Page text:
In addition to answering the questions above, if you would like to write more generally about your experiences, we would welcome your thoughts. The microphone is yours! I blog at courageouscoward.blogspot.com, and anything you find there is fair game (browse some of the earliest entries, when I was still in active duty and had plenty of time on my hands to write…). On cards I have given others with my contact info, I put my own little foundational mantra: I firmly believe that faith can overcome fear, that care and trust can pierce deeper into our enemy’s heart than any bullet can reach; that Love can, and will, overcome hate.

Follow up question: What is the one experience or event (good or bad) which represents
the most defining moment of your time at war? After a few months sharing a living quarters with our platoon interpreter, I began seeing the conflict through an Other’s eyes, in this case the eyes he offered: an educated, sympathetic Iraqi citizen who loved both his country and the new possibilities the Americans presented. He and I had some very candid conversations after and during many combat missions. It was through my prolonged exposure to his perspective and insight that really helped me to awaken from something of an ingrained American apathy. The effect of this came crushingly apparent when I was involved with a rescue effort for a vehicle rollover north of Kirkuk. In the course of a few hours, I watched an American soldier die slowly under the pressure of two tons of Humvee wreckage. Medics and others looking on idly, convinced his chance of survival was slim. Combat triage insists medics do not ‘waste’ time by treating troops who they deem unlikely to survive. I helplessly tried to find ways to free him without assistance, until Special Forces Medics arrived with a crane from Kirkuk. When they reached him, he still had a pulse. Within the hour, he had perished, before they could reach the clinic. I didn’t sleep for days, wondering if he heard those around him ignoring his plight. I wondered if he died frantically and panicked, knowing how unwilling and how close medical attention was. Through the rest of my time in Iraq, I couldn’t free myself from asking myself why it cost only a fellow American’s life to shock my to my foundations, why the countless Arabs I saw dead never phased me. I have never seen another Arab or American, but only fellow flawed, frustrated, and well-intentioned human beings.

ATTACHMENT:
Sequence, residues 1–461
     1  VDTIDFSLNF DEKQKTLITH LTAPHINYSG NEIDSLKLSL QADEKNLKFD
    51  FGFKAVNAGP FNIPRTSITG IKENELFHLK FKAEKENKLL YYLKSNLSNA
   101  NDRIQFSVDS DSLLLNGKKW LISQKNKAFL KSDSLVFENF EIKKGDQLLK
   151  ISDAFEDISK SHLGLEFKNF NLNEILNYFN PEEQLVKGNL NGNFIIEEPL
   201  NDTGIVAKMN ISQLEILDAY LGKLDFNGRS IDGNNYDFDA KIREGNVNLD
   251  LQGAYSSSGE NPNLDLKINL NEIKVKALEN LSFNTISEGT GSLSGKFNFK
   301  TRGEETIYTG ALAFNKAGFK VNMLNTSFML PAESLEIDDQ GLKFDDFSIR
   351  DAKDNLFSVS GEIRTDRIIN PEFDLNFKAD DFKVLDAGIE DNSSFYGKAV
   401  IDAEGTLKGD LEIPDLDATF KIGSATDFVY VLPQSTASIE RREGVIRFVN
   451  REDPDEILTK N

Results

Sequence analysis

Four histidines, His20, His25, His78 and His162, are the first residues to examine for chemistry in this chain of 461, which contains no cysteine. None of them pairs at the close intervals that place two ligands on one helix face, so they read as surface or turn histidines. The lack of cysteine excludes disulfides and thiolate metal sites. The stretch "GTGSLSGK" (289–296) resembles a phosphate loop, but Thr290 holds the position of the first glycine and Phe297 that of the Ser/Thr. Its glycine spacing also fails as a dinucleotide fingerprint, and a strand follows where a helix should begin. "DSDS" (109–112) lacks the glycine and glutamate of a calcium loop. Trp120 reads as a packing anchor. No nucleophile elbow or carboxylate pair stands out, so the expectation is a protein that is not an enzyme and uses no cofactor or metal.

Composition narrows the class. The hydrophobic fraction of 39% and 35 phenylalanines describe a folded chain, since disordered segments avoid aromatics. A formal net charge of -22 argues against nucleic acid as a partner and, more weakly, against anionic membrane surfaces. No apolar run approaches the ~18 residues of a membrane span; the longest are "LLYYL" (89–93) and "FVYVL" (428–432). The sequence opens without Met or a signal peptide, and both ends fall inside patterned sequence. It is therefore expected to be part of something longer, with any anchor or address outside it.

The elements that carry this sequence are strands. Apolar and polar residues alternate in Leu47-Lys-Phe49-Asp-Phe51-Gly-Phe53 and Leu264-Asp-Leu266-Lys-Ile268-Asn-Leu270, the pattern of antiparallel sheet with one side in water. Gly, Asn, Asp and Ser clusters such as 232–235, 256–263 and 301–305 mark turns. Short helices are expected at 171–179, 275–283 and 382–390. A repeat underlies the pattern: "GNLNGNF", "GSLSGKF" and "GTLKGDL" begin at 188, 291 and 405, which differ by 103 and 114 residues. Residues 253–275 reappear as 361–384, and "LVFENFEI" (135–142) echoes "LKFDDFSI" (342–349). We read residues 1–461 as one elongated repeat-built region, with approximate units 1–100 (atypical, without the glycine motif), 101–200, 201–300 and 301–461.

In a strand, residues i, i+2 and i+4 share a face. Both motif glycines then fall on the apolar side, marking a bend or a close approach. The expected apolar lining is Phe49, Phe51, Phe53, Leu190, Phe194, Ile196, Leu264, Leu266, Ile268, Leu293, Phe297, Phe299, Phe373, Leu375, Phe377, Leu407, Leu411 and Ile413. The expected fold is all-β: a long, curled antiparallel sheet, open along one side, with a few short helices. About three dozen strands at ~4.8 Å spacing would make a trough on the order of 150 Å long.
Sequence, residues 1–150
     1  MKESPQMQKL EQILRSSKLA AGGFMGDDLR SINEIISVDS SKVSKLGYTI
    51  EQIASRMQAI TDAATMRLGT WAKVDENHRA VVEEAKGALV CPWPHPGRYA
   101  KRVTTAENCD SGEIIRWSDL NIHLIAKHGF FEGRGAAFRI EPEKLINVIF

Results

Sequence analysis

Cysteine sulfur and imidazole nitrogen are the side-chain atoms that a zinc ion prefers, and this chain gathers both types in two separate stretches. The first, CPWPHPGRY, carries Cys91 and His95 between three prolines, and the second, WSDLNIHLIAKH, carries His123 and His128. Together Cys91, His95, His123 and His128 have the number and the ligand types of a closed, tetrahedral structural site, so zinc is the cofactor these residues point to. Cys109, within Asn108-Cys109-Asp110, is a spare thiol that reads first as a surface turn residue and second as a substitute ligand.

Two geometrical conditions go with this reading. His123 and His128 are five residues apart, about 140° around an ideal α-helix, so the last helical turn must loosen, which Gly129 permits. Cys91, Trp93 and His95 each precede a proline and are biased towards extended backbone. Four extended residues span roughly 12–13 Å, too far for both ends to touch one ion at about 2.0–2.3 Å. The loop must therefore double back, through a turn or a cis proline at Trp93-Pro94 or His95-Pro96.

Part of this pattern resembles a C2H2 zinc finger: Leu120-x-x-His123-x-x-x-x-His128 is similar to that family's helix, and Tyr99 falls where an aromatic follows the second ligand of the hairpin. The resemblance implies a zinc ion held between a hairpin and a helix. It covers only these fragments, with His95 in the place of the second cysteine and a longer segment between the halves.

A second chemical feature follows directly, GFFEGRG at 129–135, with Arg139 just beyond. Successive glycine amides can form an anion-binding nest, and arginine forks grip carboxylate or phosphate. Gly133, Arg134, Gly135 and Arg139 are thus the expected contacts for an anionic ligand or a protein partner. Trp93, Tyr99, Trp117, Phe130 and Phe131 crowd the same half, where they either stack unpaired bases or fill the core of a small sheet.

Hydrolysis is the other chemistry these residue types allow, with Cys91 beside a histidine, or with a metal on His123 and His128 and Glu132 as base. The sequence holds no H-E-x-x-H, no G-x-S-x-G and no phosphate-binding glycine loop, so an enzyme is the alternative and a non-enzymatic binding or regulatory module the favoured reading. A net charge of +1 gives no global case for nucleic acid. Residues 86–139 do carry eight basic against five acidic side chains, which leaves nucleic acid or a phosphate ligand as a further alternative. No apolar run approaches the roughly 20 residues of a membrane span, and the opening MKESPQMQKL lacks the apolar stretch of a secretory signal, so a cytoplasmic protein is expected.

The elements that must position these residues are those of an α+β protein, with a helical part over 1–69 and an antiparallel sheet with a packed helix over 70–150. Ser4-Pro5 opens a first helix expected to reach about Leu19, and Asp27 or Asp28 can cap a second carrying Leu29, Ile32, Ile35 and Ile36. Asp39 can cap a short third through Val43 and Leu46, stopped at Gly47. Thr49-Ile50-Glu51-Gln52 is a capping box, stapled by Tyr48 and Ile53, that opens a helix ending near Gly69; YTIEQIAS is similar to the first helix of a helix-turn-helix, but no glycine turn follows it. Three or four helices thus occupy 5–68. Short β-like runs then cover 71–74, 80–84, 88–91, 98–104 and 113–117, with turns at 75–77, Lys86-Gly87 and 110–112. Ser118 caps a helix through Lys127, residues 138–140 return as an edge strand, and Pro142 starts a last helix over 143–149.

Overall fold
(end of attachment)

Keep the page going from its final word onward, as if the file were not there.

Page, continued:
Enemies are only dehumanized neighbors. In dehumanizing them, we succumb to the most primitive form of bigotry. When we strip our neighbor of their humanity, the only thing we expose is our own impotency to fear.